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Privatizing the Post Office

Privatizing the Post Office

Japanese politics expert Patricia Maclachlan identifies the challenges to the future privatization of the Japanese post office.

By Vincent Lim
Staff Writer

"The postal system has become a symbol of tradition," Maclachlan said.

Although Japan's postal system will be gradually subjected to market forces beginning in 2007, the commissioned postmasters and their political allies are mobilizing to soften the effects of the privatization of the post office, argued Japanese political scholar Patricia Maclachlan at a Nov. 13, 2006 talk sponsored by the Paul I. and Hisako Terasaki Center for Japanese Studies. Maclachlan discussed the historical roots of Japan's postal system and the political power of the Zentoku, the national association of commissioned postmasters.

The Liberal Democratic Party (LDP) that has held power in Japan since 1955—except for a brief period in the 1990s when a coalition of opposition parties formed a majority in government—has received significant voting support from Zentoku. In Japan, the postmasters are responsible for collecting approximately one-quarter of household savings and perform a number of important social services for local communities.

In spite of this longstanding political alliance, then-Prime Minister Junichiro Koizumi took aim at Zentoku and its supporters within the LDP in August 2005, dissolving the lower house of the Diet and calling a snap election after his proposal for the large-scale reform and privatization of the postal system was rejected by the upper house. After expelling LDP candidates who had voted against him, Koizumi's LDP won in a landslide and went on to pass the privatization bill. But he may never fully achieve his goal, according to Maclachlan, an associate professor in the Asian Studies and Government departments at the University of Texas at Austin.

"A political alliance [was born] between the postmasters through Zentoku and the Liberal Democratic Party from 1955 on that was to remain in place into the 21st century," said Maclachlan. "Despite Koizumi's successes in late 2005, there is still room for that alliance to remain significant in Japanese politics."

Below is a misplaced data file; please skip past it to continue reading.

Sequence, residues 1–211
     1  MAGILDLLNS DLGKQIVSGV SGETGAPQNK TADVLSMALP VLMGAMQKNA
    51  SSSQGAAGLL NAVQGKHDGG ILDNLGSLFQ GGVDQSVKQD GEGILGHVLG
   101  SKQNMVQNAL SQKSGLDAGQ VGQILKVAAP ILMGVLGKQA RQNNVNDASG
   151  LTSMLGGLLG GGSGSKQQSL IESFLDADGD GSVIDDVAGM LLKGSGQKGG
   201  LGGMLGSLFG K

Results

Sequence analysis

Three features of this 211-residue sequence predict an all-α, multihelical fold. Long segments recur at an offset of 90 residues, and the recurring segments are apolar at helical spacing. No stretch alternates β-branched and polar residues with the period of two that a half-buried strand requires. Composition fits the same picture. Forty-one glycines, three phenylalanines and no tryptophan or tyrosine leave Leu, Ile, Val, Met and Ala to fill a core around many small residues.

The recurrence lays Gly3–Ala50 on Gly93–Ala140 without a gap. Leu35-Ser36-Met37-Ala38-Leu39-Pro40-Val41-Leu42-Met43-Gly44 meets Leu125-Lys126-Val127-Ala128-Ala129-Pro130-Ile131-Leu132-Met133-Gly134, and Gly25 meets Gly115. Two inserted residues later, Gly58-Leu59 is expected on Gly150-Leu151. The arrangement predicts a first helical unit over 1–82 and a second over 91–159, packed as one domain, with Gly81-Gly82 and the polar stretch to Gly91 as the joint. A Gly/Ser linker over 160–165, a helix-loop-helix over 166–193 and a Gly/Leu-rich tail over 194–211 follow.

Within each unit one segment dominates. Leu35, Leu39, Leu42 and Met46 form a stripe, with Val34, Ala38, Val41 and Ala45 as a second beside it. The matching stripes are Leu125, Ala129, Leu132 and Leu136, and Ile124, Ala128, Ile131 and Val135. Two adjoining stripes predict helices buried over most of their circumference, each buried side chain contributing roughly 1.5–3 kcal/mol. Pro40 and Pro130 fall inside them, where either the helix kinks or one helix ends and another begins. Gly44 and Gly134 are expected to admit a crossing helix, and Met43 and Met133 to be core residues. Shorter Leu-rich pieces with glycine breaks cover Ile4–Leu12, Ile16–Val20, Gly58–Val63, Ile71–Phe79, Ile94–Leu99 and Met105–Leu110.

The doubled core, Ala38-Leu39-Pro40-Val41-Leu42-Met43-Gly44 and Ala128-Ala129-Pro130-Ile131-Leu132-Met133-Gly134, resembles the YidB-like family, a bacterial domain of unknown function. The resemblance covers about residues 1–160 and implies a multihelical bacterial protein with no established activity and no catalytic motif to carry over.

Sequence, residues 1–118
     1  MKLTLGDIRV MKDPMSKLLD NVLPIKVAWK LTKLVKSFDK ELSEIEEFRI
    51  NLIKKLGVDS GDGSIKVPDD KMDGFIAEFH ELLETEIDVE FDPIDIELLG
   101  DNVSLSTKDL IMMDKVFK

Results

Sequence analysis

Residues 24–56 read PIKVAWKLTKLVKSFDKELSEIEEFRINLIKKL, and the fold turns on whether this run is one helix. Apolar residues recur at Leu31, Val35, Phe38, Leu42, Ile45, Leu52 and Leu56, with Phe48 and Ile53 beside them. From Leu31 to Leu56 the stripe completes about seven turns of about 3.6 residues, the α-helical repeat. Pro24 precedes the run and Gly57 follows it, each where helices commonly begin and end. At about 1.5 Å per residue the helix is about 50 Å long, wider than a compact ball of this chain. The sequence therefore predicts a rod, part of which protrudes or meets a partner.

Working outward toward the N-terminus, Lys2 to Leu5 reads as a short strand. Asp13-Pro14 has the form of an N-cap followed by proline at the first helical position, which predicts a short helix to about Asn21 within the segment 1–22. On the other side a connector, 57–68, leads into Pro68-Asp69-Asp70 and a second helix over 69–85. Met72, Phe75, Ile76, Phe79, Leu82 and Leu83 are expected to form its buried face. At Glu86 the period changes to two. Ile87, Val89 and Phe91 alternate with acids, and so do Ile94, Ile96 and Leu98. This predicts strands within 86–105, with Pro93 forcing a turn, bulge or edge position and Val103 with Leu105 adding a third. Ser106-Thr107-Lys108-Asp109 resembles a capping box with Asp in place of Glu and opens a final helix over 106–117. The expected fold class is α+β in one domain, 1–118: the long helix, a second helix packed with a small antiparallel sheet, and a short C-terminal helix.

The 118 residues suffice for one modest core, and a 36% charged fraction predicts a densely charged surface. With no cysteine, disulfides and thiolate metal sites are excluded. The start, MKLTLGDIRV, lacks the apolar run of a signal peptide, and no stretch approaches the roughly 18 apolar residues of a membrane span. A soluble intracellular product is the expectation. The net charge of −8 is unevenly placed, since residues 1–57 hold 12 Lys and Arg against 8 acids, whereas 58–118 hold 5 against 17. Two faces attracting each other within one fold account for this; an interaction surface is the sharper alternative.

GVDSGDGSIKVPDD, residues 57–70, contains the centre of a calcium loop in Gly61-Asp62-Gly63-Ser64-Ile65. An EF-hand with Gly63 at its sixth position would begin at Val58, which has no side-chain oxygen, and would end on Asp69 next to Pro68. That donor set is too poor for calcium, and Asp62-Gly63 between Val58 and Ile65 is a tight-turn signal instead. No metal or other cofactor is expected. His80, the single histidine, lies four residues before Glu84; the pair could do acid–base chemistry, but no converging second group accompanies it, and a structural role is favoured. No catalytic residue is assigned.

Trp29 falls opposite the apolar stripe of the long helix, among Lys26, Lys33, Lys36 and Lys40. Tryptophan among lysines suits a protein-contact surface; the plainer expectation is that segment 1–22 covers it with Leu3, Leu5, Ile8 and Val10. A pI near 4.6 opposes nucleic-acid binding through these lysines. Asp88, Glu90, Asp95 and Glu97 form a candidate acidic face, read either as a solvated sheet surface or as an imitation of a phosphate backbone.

One obstacle to the future of postal reform will be Japanese citizens' general lack of interest in it.

"Once [this] issue moves out of the political and into the implementation processes of change, it moves off the radar screen of the media and therefore of ordinary citizens," Maclachlan said.

Maclachlan claimed that "what the voters were voting for was Koizumi" and argued that citizens were more interested in seeing the LDP win than seeing the postal system reformed.

Although the reforms passed, it remains unclear how they will be implemented under new Prime Minister Shinzo Abe because many of the details have not yet been worked out.

Maclachlan added that there remains strong support in rural areas of Japan for the postmasters and LDP politicians who still see the benefits of a public postal system.

History of the Post Office

Maclachlan said the history of the Japan's public postal system helps to explain why Zentoku has become one of the most influential interest groups in Japanese politics.

The government monopolized the postal system in 1871 by wresting power away from private courier companies that handled mail for elite officials, in a bid to reduce the overall cost of mail delivery. It said that all citizens would receive the same service at the same price regardless of where they lived.

"The post office was a misunderstood, but nevertheless very important harbinger of modernization," Maclachlan said. "Postmasters helped ordinary Japanese become more in tune with the rhythms of modern life."

The postal savings system was created soon after, in 1875, to introduce the Japanese to modern savings techniques. The savings system was instrumental in allowing new businesses to develop, and citizens came to trust the postal system and postmasters to take care of their money. Japan's postal savings system today is among the world's largest financial institutions—with nearly 331 trillion yen ($3 trillion) of assets.

"In part because of the trust that was given to ordinary postmasters," Maclachlan said, the postal savings system grew rapidly during the late 19th century. Many postmasters also became social pillars in their communities and occasionally sought election to local public office.

"By the end of World War II, there were roughly 13,000 commissioned postmasters—of that number 2,000 were occupying positions in town, city or village government," Maclachlan said. "For the post-war period, this positioned them to become allies of the ruling Liberal Democratic Party."

After World War II, the postmasters and their employees assumed a number of social welfare functions in their local communities—focusing on the specific needs of the elderly. As a result of these services, and of the post office's image as both a "harbinger of modernization" and symbol of traditional values, many ordinary Japanese have been less than enthusiastic about reform.

"The postal system has become a symbol of tradition," Maclachlan said.

Terasaki Center for Japanese Studies

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